In 2011, photographer Foster Huntington created the hashtag, #VanLife, and now if one searches #VanLife on Instagram, there are more than 12 million images depicting this lifestyle on the road. Fantasization about ridding oneself of all of their possessions and hitting the open road has existed for many years, but instead of van life it has been the R.V. movement. According to Benjamin Fraser, who founded Ready Set Van in March, the difference between R.V. culture and van life boils down to political ideology and traditionally, one’s socio-economic status. Van-lifers do not want to be constrained to R.V. parks, and instead want to be immersed in nature to gain an “authentic” off-the-grid experience. Additionally, R.V. Life commonly arises out of economic necessity, whereas van life is more focused on freeing oneself from the constraints of society and a traditional working lifestyle, despite also allowing for individuals to cut down on utilities and soaring rent expenses. In her poem titled Inversion Therapy, Nat writes “

Although Van life consists of many different experiences, it provides a promising solution for the massive increase in burnout felt increasingly by many.

The 9-5 can often have draining effects for individuals (Photo by: CIPHR Connect)

Burnout is an extremely tangible and real phenomenon that leads to feelings of exhaustion that might prompt a desire to get away from all the stressors and hierarchical influences experienced constantly. Humans are inherently predisposed to self-organize into hierarchies, where members vary in their level of power, influence, skill, or dominance. Social groups tend to use socio-cultural status cues like job titles and educational attainment. Studies have found that one’s relative status has major impacts on attention, memory, and social interactions, as well as health and wellness. However, burnout is on the rise. Research has revealed that over half of survey respondents are experiencing burnout in 2021, up from 43% who said the same in Indeed’s pre-Covid-19 survey. Burnout does not only come from being overworked, but also comes from feelings of not being in control of one’s career or job, essentially not being able to figure out how to succeed no matter how hard you try. When someone has to carry out tasks that conflict with their sense of self, whatever that may look like, burnout can follow.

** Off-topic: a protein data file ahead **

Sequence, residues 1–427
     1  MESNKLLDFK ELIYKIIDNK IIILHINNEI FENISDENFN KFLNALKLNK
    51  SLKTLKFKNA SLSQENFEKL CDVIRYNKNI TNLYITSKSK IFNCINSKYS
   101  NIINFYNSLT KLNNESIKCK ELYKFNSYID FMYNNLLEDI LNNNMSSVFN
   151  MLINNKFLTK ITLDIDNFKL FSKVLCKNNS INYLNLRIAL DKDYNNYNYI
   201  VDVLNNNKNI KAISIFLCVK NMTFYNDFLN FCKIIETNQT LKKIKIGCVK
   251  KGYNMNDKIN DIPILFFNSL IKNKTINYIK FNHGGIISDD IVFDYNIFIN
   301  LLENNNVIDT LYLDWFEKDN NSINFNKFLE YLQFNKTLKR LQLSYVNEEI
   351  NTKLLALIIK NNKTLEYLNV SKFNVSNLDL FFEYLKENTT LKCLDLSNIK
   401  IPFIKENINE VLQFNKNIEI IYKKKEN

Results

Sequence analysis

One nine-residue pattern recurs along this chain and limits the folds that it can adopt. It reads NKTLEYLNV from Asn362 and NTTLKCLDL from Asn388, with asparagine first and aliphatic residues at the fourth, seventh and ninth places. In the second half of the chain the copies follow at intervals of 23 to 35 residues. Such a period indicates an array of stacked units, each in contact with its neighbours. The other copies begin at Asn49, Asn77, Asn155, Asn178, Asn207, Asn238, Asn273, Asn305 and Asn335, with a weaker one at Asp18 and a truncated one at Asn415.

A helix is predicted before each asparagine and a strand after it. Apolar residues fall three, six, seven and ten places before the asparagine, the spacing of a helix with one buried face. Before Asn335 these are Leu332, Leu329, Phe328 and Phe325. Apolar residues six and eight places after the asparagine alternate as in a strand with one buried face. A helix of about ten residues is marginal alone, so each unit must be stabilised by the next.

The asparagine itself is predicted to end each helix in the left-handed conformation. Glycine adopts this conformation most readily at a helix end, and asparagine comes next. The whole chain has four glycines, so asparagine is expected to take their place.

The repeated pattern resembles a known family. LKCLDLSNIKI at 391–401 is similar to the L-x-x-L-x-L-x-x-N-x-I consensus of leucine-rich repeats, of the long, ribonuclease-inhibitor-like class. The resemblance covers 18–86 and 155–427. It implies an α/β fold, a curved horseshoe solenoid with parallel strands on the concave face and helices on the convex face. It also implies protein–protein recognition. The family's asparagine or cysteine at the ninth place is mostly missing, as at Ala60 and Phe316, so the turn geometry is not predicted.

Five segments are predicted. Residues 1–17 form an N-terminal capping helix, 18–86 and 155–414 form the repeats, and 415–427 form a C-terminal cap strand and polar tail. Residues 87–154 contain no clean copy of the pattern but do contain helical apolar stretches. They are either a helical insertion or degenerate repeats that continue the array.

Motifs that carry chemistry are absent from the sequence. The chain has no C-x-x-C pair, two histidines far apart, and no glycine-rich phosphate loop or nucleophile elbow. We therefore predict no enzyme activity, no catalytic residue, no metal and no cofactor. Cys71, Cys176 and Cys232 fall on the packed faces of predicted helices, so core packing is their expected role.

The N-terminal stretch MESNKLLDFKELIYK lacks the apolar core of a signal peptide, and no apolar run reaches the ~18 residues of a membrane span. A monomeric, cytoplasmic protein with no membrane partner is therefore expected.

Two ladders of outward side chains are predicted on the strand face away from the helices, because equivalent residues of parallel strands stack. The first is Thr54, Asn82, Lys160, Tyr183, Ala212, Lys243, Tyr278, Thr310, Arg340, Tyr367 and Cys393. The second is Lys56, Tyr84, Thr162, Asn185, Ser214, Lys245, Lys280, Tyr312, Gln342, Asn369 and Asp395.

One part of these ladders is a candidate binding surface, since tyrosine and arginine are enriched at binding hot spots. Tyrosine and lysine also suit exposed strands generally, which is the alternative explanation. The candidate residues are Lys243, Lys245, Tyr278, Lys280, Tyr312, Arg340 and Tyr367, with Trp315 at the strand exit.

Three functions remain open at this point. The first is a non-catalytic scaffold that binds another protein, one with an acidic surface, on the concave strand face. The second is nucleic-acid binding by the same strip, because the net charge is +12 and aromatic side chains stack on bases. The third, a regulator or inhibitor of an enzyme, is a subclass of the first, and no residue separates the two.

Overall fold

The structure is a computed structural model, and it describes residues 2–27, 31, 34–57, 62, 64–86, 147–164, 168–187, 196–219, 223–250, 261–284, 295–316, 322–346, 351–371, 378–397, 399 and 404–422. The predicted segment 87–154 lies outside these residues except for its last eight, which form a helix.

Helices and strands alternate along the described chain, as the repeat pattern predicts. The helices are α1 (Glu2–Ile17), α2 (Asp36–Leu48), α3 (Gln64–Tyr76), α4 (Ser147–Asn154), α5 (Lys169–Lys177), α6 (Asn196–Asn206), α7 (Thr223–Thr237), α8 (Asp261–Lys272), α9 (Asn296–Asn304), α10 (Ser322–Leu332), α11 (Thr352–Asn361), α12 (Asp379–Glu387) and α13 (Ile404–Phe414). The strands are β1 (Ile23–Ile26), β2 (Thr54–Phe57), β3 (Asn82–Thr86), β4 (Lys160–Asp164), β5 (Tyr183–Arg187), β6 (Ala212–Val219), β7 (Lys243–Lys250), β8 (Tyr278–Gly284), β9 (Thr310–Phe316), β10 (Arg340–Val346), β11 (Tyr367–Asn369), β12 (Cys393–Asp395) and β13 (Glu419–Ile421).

The burnout phenomenon rang true for Nat and Abi, who ditched their possessions, their professional careers, and their friends and families from home in order to escape the constraints of a brick and mortar lifestyle. One night while in Big Bend, Nat reflected on a vulnerable self-reflective moment outside, writing: “Being out in nature is so vital because it lends an ear. It listens. You are surrounded by a depth, a disconnect not possible within the confines of modern society”. That is the whole idea of van life. It is not only an escape from the confines of modern society, but an entirely new way of living. Van life puts forth the notion that humans are not one-size-fits-all, and provides a new perspective on burnout.